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Special Issue of the Adelaide Literary Magazine. Best poems by the Winner, 6 Shortlist Nominees, and 100 Finalists of the Third Annual Adelaide Literary Award Competition 2019, selected by Stevan V. Nikolic, Editor-in-Chief.

THE WINNER: Andrea Bernal

SHORTLIST WINNER NOMINEES: Pedro Xavier Solis, Cathy Essinger, Martin Golan, Nikolas Macioci, Gabrielle Amarosa, Heide Arbitter

FINALISTS: William Pruitt, George Gad Economou, Abby Ripley, Andrea Cladis, Lael Lopez, Richard Weaver, Peter Scheponik, Holley Hyler, Patrick T. Reardon, Phil Kemp, Martin Willitts, Jr, Helen Hagemann, A. Elizabeth Herting, Fred Pollack, Lazar Sarna, Mary Jane White, Austin C. Morgan, Jan Napier, Edward V. Bonner, Donny Barilla, Monique Gagnon German, Susie Gharib, Carole Langille, Lowell Jaeger, Sandra Kolankiewicz, Marc Frazier, Daniel King, Bikal Paudel, Richard Fein, Korkut Onaran, Kevin Keane, Ann Pedone, David Dephy, Samantha Zimbler, Christine Tabaka, Lauren Bishop, Mickey J. Corrigan, Mark Hurtubise, Rabbi Steven Lebow, Karen Schnurstein, Jesse Domingos, Jonathan Andrew Perez, Greg J Moglia Jr, Kimberly Crocker, Clarke Owens, Stella Prince, Clay Anderson, Tamara Williams, Tim Suermondt, Keith Hoerner, Steven Goff, Frannie Gilbertson, Peter Crowley, Mukund Gnanadesikan, Megha Sood, Sophie Chen, Debbie Richard, Linda Casebeer, Gail Willems, Craig Kennedy, Ernest DeZolt, Susan Cossette, Byron Beynon, Allie Rigby , Jessica Sabo, Jeremy Gadd, Maria Golgaki, Terry Boykie, Martin Altman, Jonathan DeCoteau, John Sweeder, Patrick Hurley, Midori Gleason, Rosangela Batista, Felix Purat, Caleb Dros, Belinda Subraman, John Casey, Idalis Wood, Laura Dunn, Ingrid Blaufarb Hughes, Catherine Cates, Robert René Galván, Whitney Judd, Catherine Rohsner, Shari Jo LeKane, Jack Brown, C.H. Coleman, Philip Wexler, James Christon, Jules Elleo, Jan Little, Chani Zwibel, Sarah Conklin, Katharine Studer, Larry Hamilton, Christopher Di-Filippo, Riley Bounds, Angela Shepherd, Rees Nielsen, Mike Jurkovic, E. P. Tuazon, Nate Tulay, Tony Tracy, Chic Scaparo, Kelsey Berry, Tina Weikert, Tom Laichas, Miller Lawrence-Fitzpatrick, Ryan Kovacs, Jeremy Ford, Elena Petrovska, Peter Freeman

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Published by ADELAIDE BOOKS, 2020-04-07 19:51:43

Adelaide Literary Award Anthology 2019 - POETRY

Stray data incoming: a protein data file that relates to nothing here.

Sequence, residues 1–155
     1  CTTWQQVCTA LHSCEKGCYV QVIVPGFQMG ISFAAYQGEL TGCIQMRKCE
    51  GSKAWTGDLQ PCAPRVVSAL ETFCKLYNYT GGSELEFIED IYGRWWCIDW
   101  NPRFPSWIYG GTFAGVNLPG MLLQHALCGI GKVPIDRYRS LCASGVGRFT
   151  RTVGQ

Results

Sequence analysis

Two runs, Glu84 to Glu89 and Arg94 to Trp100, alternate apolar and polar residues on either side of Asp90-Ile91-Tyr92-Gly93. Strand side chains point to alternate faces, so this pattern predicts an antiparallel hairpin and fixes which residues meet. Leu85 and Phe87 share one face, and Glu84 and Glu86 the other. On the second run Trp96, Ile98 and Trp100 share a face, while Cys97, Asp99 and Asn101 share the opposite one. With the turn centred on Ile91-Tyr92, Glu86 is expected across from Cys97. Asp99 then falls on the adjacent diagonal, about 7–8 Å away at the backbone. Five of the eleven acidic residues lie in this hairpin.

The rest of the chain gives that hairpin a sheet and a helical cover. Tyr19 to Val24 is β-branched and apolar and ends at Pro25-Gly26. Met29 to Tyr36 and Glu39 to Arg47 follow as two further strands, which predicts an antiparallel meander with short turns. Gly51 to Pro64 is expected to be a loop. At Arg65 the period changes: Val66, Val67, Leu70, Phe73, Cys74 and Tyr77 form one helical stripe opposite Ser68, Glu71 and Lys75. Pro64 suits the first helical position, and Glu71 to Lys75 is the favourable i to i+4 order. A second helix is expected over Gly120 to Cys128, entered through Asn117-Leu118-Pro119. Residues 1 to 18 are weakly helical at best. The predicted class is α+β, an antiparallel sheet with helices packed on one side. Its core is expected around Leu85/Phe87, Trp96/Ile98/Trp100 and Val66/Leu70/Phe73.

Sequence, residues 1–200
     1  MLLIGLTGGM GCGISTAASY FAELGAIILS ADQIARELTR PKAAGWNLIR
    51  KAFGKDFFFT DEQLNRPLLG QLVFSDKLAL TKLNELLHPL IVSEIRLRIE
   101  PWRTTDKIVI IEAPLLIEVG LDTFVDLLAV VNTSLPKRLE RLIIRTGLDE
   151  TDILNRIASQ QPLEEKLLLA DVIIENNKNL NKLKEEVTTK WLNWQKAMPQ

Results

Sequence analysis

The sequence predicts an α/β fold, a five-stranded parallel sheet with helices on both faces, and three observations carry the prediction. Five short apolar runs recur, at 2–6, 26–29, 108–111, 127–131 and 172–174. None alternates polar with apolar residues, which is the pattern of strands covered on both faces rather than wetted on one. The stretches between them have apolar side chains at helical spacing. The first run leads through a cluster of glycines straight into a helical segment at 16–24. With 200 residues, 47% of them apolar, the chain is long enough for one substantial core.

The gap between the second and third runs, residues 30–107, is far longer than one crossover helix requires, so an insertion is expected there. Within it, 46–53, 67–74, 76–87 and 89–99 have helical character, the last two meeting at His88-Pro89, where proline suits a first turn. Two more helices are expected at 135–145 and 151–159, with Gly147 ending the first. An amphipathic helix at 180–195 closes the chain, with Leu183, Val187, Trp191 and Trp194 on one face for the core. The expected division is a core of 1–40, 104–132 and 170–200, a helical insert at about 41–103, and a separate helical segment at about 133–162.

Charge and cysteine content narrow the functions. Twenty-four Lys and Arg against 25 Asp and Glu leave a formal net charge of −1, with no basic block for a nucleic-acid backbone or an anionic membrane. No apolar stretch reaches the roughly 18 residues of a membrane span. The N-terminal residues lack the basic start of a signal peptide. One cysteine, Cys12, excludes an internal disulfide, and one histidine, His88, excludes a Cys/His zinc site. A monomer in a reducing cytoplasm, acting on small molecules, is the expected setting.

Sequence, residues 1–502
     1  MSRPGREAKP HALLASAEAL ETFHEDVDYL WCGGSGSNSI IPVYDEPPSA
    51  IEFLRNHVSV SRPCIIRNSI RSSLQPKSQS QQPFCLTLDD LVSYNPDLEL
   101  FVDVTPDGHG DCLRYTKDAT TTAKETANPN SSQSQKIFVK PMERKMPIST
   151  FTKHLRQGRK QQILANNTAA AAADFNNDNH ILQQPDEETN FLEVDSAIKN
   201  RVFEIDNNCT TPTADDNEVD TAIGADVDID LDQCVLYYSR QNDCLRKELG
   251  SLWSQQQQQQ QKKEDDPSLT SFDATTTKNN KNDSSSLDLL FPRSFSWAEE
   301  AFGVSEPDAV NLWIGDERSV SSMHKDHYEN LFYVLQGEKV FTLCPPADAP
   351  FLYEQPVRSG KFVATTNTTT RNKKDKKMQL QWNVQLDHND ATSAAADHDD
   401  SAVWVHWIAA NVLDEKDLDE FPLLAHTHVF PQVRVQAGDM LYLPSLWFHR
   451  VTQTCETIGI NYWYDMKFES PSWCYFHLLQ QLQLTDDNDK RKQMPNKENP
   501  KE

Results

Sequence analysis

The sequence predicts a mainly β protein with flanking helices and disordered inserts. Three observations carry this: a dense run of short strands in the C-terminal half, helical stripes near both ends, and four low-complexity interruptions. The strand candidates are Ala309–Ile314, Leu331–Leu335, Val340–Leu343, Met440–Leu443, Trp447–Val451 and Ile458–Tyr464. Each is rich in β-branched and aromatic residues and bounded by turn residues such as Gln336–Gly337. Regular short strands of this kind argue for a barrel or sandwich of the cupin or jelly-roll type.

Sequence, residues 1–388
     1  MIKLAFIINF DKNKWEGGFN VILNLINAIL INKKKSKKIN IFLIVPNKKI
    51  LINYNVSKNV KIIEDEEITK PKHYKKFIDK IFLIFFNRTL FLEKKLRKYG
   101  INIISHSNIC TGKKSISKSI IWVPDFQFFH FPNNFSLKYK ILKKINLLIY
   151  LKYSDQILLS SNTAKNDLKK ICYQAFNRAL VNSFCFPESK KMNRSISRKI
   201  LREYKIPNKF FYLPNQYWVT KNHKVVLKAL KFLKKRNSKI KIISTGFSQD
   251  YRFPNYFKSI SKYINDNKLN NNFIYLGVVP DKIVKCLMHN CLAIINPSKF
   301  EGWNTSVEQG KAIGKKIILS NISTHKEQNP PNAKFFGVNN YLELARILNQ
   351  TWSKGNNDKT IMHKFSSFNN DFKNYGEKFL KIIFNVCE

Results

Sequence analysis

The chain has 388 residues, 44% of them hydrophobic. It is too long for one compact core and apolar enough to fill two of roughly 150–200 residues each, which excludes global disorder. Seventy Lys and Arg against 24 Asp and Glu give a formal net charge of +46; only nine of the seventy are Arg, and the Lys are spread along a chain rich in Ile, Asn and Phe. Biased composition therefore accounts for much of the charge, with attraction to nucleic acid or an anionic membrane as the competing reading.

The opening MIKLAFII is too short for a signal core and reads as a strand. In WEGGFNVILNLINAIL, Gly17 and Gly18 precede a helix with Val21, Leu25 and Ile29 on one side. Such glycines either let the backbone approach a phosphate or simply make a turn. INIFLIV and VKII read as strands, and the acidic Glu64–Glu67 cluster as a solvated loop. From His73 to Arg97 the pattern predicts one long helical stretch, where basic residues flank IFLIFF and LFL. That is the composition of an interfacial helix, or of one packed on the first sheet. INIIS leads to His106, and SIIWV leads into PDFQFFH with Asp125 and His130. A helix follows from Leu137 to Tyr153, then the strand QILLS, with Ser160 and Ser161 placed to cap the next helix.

Special Issue of the Adelaide Literary Magazine. Best poems by the Winner, 6 Shortlist Nominees, and 100 Finalists of the Third Annual Adelaide Literary Award Competition 2019, selected by Stevan V. Nikolic, Editor-in-Chief.

THE WINNER: Andrea Bernal

SHORTLIST WINNER NOMINEES: Pedro Xavier Solis, Cathy Essinger, Martin Golan, Nikolas Macioci, Gabrielle Amarosa, Heide Arbitter

FINALISTS: William Pruitt, George Gad Economou, Abby Ripley, Andrea Cladis, Lael Lopez, Richard Weaver, Peter Scheponik, Holley Hyler, Patrick T. Reardon, Phil Kemp, Martin Willitts, Jr, Helen Hagemann, A. Elizabeth Herting, Fred Pollack, Lazar Sarna, Mary Jane White, Austin C. Morgan, Jan Napier, Edward V. Bonner, Donny Barilla, Monique Gagnon German, Susie Gharib, Carole Langille, Lowell Jaeger, Sandra Kolankiewicz, Marc Frazier, Daniel King, Bikal Paudel, Richard Fein, Korkut Onaran, Kevin Keane, Ann Pedone, David Dephy, Samantha Zimbler, Christine Tabaka, Lauren Bishop, Mickey J. Corrigan, Mark Hurtubise, Rabbi Steven Lebow, Karen Schnurstein, Jesse Domingos, Jonathan Andrew Perez, Greg J Moglia Jr, Kimberly Crocker, Clarke Owens, Stella Prince, Clay Anderson, Tamara Williams, Tim Suermondt, Keith Hoerner, Steven Goff, Frannie Gilbertson, Peter Crowley, Mukund Gnanadesikan, Megha Sood, Sophie Chen, Debbie Richard, Linda Casebeer, Gail Willems, Craig Kennedy, Ernest DeZolt, Susan Cossette, Byron Beynon, Allie Rigby , Jessica Sabo, Jeremy Gadd, Maria Golgaki, Terry Boykie, Martin Altman, Jonathan DeCoteau, John Sweeder, Patrick Hurley, Midori Gleason, Rosangela Batista, Felix Purat, Caleb Dros, Belinda Subraman, John Casey, Idalis Wood, Laura Dunn, Ingrid Blaufarb Hughes, Catherine Cates, Robert René Galván, Whitney Judd, Catherine Rohsner, Shari Jo LeKane, Jack Brown, C.H. Coleman, Philip Wexler, James Christon, Jules Elleo, Jan Little, Chani Zwibel, Sarah Conklin, Katharine Studer, Larry Hamilton, Christopher Di-Filippo, Riley Bounds, Angela Shepherd, Rees Nielsen, Mike Jurkovic, E. P. Tuazon, Nate Tulay, Tony Tracy, Chic Scaparo, Kelsey Berry, Tina Weikert, Tom Laichas, Miller Lawrence-Fitzpatrick, Ryan Kovacs, Jeremy Ford, Elena Petrovska, Peter Freeman